These playlists have the Live Updating option enabled, which makes it possible for these playlists to be updated dynamically as conditions change (when you rate more songs, play different tunes, or play other tunes more often, for example).
To see exactly what makes these playlists tick, Mac users can Control-click a Smart Playlist and choose Edit Smart Playlist from the resulting contextual menu. Windows users simply right-click a playlist to see this command.
In iTunes 4.5, Apple enhanced the Smart Playlist in an important way. Previously, there was no easy way to keep sections of your library from appearing in a Smart Playlist.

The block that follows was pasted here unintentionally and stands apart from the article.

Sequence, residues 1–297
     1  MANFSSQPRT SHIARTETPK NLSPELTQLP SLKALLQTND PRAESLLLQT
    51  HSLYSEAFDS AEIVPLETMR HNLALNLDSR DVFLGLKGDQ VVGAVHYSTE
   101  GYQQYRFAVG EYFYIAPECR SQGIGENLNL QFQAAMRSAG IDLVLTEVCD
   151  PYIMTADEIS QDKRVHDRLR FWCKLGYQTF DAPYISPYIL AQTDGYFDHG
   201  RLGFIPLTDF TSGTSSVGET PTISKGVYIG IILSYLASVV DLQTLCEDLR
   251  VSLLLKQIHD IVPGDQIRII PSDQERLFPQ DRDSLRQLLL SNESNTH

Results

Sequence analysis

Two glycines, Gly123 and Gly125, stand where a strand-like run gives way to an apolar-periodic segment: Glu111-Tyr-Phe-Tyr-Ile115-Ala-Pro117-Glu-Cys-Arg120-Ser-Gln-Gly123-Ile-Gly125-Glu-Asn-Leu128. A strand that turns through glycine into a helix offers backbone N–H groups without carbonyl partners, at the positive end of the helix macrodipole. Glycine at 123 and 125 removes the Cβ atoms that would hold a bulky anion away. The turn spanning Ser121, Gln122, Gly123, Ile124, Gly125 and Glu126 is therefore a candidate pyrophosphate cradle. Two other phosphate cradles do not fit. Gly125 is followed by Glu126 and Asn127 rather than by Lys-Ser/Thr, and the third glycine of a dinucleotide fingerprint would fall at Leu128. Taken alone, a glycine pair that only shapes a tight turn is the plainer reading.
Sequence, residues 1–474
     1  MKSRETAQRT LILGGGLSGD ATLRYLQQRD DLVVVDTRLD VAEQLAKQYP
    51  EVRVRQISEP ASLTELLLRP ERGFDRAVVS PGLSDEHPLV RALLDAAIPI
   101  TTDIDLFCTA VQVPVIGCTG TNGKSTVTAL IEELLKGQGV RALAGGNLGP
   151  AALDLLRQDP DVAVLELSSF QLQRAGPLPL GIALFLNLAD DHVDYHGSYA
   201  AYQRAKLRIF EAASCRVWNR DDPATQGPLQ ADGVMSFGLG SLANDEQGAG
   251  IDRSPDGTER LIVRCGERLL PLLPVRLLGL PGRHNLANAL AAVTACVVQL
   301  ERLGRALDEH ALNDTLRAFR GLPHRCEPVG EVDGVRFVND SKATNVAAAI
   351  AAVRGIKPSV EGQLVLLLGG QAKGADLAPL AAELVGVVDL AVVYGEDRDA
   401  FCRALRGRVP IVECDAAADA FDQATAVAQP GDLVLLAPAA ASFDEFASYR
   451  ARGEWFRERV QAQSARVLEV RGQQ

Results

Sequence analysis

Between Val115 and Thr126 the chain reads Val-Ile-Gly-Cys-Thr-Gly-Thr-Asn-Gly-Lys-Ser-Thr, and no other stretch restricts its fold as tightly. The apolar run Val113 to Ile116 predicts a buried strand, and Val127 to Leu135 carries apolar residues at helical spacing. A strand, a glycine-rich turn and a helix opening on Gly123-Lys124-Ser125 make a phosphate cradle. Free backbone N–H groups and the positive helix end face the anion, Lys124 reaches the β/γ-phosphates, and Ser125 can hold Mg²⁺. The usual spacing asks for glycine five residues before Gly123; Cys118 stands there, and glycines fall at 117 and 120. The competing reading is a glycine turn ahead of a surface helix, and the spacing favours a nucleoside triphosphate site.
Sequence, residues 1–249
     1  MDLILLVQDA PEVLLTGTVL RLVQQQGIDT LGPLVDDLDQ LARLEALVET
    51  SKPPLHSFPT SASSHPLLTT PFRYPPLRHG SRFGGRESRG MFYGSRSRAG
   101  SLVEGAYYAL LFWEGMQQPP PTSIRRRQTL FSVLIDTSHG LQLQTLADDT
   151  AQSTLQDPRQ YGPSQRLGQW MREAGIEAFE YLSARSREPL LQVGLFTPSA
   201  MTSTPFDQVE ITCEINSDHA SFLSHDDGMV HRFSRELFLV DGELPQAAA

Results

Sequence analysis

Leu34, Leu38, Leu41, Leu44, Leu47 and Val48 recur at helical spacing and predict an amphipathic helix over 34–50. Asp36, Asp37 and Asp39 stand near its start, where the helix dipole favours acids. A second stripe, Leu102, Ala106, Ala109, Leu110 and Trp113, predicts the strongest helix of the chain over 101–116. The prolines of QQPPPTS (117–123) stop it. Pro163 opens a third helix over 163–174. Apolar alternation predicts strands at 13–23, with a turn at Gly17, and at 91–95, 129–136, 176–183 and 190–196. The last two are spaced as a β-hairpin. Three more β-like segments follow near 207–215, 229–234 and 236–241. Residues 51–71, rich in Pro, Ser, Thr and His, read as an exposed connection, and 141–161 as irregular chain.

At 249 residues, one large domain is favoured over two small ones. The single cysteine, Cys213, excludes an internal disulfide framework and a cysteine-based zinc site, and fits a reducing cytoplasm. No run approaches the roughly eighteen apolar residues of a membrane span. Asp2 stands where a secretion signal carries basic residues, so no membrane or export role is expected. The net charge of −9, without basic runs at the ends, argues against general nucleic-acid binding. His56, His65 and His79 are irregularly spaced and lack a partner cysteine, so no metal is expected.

Let's say you'd digitized all your old phonograph albums, for the sake of posterity, but you didn't want any of the songs on them ever to appear in a Smart Playlist.
Sure, you could have added a "phonograph" comment to each archived song and told the Smart Playlist not to include any song with the comment "phonograph," but wouldn't it be easier if you could simply tell the Smart Playlist to exclude all songs within certain playlists?
That's exactly what iTunes 4.5 and later does for you by including the new Playlist criterion. Now you can tell Smart Playlists to harvest songs only within certain playlists.